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Amos Yee makes about-turn, pleads guilty to 3 remaining charges

SINGAPORE — Teenage blogger Amos Yee pleaded guilty to the remaining three charges of wounding the religious feelings of Muslims on Wednesday (Sept 28).

Amos Yee makes about-turn, pleads guilty to 3 remaining charges

Blogger Amos Yee arrives at the State Courts on Sept 28, 2016. Photo: Robin Choo/TODAY

SINGAPORE — Teenage blogger Amos Yee pleaded guilty to the remaining three charges of wounding the religious feelings of Muslims on Wednesday (Sept 28).

The 17-year-old initially contested all eight of the criminal charges filed against him — six of which are for wounding the religious feelings of Muslims and Christians, and another two are for failing to turn up at a police station for investigations despite orders from the police.

But on the third day of his trial last month, he decided to plead guilty to the two counts of failing to turn up at Jurong Police Division on Dec 14 last year and May 10 this year, despite the police orders.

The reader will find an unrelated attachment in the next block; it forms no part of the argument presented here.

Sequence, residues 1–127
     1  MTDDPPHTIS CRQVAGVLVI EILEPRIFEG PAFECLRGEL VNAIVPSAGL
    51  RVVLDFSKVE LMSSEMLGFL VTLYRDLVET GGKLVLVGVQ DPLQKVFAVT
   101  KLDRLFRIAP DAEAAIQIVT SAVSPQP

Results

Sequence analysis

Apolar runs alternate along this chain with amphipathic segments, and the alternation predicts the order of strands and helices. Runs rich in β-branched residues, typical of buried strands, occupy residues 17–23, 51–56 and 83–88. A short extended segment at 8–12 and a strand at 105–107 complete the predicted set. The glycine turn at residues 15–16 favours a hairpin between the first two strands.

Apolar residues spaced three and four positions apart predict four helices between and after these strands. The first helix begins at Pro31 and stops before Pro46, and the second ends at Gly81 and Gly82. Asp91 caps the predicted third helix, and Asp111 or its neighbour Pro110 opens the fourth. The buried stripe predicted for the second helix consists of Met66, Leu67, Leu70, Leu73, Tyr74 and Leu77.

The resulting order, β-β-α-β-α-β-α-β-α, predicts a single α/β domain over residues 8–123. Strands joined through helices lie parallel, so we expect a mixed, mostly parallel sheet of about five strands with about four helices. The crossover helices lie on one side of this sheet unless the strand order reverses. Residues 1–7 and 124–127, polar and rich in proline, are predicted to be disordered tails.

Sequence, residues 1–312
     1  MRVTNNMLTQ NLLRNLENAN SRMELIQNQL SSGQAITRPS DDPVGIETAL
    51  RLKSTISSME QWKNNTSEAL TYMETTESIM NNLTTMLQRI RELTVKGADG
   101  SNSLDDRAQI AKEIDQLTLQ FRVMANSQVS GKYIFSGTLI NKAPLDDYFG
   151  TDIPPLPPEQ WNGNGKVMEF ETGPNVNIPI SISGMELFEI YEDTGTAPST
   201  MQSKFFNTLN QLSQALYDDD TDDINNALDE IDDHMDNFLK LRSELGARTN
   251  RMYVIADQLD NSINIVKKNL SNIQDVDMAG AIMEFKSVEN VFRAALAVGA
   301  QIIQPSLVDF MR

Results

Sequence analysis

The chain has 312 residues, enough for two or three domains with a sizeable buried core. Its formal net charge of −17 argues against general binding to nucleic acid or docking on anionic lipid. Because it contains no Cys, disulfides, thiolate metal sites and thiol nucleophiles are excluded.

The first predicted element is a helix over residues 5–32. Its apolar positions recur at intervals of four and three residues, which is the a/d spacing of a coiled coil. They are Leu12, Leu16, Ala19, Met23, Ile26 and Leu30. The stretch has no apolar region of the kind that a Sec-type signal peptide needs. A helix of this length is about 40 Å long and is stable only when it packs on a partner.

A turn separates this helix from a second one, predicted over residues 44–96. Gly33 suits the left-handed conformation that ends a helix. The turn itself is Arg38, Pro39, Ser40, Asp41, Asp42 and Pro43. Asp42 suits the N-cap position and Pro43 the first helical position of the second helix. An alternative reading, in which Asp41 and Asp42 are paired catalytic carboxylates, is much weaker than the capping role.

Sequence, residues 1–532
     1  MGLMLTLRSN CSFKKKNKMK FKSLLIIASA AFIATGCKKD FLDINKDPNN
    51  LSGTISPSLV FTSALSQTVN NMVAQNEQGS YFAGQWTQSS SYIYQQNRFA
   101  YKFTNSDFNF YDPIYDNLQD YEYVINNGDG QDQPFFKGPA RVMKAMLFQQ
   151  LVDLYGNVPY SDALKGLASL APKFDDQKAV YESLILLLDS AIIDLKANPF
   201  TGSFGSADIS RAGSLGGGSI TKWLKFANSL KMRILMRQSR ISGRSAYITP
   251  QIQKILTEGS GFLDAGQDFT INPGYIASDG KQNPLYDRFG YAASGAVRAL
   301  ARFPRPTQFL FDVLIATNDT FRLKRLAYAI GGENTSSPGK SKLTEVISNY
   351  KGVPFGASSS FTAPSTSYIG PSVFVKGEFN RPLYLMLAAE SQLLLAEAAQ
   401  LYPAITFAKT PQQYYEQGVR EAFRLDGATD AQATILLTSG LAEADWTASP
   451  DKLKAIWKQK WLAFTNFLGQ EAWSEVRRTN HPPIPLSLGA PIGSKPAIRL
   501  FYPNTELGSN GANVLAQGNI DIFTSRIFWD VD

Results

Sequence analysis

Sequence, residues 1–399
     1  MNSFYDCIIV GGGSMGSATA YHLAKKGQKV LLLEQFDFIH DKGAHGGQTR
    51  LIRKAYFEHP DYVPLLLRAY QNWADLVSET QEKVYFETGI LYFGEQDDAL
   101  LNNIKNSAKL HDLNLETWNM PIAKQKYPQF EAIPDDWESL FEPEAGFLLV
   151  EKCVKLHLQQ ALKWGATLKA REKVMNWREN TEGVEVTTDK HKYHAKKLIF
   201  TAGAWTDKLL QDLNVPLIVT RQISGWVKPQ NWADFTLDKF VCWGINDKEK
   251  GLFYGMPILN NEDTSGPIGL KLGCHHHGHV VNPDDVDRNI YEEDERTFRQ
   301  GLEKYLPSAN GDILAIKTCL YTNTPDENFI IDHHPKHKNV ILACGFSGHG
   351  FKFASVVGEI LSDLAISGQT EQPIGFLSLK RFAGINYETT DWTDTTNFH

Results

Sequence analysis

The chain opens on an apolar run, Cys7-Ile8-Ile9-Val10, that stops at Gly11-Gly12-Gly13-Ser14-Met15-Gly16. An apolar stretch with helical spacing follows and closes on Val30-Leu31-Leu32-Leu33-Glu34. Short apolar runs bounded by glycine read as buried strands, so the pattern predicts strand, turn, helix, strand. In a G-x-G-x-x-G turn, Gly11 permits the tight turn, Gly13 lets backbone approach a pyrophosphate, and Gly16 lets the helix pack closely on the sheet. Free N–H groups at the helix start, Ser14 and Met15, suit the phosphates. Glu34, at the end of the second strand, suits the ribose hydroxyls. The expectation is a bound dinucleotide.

The following day, he pleaded guilty to another three charges for insulting Muslims and Christians, but indicated that he wanted to fight the remaining three similar charges.

But when Amos returned to court on Wednesday, he admitted to these remaining offences, which took place between April 17 and May 19.

On April 17, he uploaded a photo on his Facebook account which showed him holding the Quran in one hand and making an offensive gesture with the other.

He also uploaded two videos on his YouTube channel on May 8 and May 19 which had content that was intended to wound the feelings of Muslims in Singapore, noted the prosecution.

These posts were accessible to the general public and on some occasions, police reports were lodged after these posts were made.

Amos will be back in court today for the prosecution to submit on his sentence and for the court to take his mitigation plea. Since the start of his trial last month, court proceedings were dogged by his changing stance.

For instance, he had requested for a Criminal Case Resolution — where parties meet to discuss how to resolve the case early on — which fell through.

For wounding religious feelings, Amos can be jailed up to three years, fined or both. For disobeying an order to appear at the police station, he could be jailed up to a month, fined S$1,500, or both.

Amos was convicted of similar charges last year and was sentenced to four weeks’ jail.

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